Many influential people have come into my life and brought me into their circles to mentor me. People often ask me how I have had these opportunities to be around these fantastic individuals. It comes down to one basic principle.
Proximity is power.
Recently, someone asked me if there was one message that resonated with me that all these mentors either shared, inferred, or modeled. That one made me think, but after thinking about what these wonderful mentors shared with me was consistent, I realized it was this.
You learn more from being around top performers and encouraging them instead of hanging with people who talk a big talk but don’t walk their talk; they don’t perform.
In my new book, The Limitless Life, I share a story about having a call with Tony Robbins after the Miracle on the Hudson. He shared with me many different insights, a couple of those insights were what I would experience in the future and always remember where I came from. He encouraged me to take this opportunity and do something massive and positive with it. It was a great talk and gave me some distinctions I had not thought about.
As that call was coming to an end, I was smiling and was encouraged.
A couple of weeks later, I went to Secaucus, NJ to support Tony at one of his UPW events in my role as his security director. When we spoke, I mentioned to him that I was overwhelmed and feeling like a chicken with my head cut off.
He reminded me of the time when we were in Fiji, and I was out of balance, and when I got home, get balance in my life. Out of that discussion, I learned that I was in reaction mode and not thinking, and if I continue down this path, I will have a successful life, but I will never become the person I could be, and I will regret it. And I told myself,
You can be more.
That is when I started to think, write, speak, and understand the lessons and distinctions I learned from the Miracle on the Hudson. I started to listen to one book a week from great people. I became more focused on my long-term mission and development as an author, philanthropist, and mentor, not just on my short-term income as a speaker.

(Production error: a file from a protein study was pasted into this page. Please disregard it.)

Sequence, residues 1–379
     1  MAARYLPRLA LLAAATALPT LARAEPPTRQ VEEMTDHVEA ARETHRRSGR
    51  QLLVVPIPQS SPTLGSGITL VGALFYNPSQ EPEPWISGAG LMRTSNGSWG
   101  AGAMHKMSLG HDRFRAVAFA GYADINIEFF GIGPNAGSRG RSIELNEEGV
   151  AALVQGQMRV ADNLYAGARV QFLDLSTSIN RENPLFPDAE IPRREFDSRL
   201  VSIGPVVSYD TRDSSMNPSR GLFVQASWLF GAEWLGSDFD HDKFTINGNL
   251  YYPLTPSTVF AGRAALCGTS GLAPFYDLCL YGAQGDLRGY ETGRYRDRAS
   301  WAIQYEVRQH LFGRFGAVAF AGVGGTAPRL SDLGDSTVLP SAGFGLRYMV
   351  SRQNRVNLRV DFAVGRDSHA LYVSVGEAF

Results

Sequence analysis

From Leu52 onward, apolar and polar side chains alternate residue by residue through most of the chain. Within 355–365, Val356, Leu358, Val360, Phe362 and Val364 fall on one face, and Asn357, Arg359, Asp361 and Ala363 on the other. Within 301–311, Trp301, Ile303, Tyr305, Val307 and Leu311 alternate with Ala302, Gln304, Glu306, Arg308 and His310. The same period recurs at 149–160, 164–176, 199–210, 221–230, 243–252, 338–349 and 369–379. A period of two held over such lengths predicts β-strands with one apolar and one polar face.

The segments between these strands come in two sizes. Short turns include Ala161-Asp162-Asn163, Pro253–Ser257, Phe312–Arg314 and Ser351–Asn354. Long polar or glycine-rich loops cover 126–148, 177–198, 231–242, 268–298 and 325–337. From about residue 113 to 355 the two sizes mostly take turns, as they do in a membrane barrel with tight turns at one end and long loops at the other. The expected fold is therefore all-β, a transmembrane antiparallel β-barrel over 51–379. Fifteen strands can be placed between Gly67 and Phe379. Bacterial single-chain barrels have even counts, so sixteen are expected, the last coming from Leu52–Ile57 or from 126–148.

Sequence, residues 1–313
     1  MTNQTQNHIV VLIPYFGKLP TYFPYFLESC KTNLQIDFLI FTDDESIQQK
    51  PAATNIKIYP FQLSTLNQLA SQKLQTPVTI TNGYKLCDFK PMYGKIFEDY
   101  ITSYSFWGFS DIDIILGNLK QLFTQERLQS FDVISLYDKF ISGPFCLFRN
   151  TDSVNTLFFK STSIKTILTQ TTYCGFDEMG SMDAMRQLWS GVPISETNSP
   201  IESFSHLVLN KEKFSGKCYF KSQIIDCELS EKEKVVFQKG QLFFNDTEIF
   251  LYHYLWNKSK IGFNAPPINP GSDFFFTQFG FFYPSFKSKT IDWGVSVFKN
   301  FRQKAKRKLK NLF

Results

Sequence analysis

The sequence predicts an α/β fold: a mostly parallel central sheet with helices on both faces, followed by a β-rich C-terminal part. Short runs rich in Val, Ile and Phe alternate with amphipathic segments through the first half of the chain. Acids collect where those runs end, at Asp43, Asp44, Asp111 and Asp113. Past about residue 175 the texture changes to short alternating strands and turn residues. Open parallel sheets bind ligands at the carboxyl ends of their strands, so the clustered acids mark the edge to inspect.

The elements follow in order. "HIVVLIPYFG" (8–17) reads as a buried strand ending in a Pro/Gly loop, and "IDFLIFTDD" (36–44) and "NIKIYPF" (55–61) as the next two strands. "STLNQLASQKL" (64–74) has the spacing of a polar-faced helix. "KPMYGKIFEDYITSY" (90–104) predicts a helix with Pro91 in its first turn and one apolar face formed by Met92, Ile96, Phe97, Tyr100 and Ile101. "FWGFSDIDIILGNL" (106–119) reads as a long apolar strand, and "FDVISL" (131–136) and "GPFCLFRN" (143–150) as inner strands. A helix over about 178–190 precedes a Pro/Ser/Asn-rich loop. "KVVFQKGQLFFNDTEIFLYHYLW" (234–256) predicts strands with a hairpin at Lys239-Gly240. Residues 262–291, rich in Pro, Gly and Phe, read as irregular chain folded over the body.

That talk got me out of my comfort zone and was the inspiration for me to write my first book, Moments Matter, with Cindy Wrightson.
When I got back home from the 15th anniversary celebration of our first responders, healthcare, military, and Red Cross heroes from the Miracle on the Hudson, I reflected back on those conversations and what I learned from these great mentors and others, and it kept coming back to those four words I said to myself in 2009.
You can be more.
I was doing very well at Oracle, mentoring people, speaking and I got comfortable, but for a time, I was not challenging myself. That is one of the reasons I retired from Oracle and the corporate world and began my entreprenural journey and put a focus on the strategy I learned early in my business career (P+T) x MA) x RA.
I learned that as a leader, mentor, and speaker, it is tempting to spend time with people with low expectations and not challenging goals, as you can help them very quickly. Nothing is wrong with doing this, but you may miss a major opportunity.
Hang with or work with people who are on a roll and feel great about their performance, and who may be comfortable. What I learned is I can have more impact and make progress toward my mission if I can deliver the message of ” You Can Be More” message in a positive way that will resonate with these top performers.
You can be more.
You will find that sharing that message with a top performer is the ultimate compliment. You are recognizing them for what they have accomplished and communicating and showing them they have the capability to become even more and make a more significant impact.
That recognition of “You Can Be More,” approximately six weeks after the Miracle on the Hudson, has driven me to speak, develop a unique high-impact workshop, mentor high performers, publish a magazine, and write another book.
A pathway to create opportunity out of uncertainty is never to stop applying “ You Can Be More” to yourself. Don’t ever get too comfortable. Stay humble, and if you want others to become the leaders they have the potential to be, let them watch you do the same thing,
Creating your own flight plan for your future!